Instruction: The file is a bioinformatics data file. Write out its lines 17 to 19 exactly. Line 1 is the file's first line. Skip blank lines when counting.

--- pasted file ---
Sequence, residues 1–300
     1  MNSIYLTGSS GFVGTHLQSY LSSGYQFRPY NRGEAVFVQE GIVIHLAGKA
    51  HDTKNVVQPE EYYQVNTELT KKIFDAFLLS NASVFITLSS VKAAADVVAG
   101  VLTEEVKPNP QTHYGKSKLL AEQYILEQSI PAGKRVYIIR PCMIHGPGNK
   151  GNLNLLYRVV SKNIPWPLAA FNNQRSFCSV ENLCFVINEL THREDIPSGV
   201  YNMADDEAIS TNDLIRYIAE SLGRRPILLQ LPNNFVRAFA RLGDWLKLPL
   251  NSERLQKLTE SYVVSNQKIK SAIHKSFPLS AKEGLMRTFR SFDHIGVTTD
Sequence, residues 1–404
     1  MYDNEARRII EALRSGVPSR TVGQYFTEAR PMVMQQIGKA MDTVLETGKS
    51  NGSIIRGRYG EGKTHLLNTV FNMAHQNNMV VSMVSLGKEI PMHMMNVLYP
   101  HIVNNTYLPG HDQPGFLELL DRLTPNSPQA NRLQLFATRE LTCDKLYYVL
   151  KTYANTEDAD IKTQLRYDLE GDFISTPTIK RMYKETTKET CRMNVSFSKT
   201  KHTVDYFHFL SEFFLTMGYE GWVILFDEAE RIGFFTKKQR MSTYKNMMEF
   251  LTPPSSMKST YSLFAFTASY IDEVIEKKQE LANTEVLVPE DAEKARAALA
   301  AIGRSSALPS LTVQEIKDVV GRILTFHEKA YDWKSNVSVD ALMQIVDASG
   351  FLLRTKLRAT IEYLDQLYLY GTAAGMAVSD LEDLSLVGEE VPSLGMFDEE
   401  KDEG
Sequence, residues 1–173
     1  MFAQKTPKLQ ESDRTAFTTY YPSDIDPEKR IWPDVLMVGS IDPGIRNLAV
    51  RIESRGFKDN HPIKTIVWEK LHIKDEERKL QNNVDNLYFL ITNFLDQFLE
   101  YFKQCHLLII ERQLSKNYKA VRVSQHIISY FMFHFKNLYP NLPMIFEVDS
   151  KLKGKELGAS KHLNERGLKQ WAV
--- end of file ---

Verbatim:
   401  KDEG
Sequence, residues 1–173
     1  MFAQKTPKLQ ESDRTAFTTY YPSDIDPEKR IWPDVLMVGS IDPGIRNLAV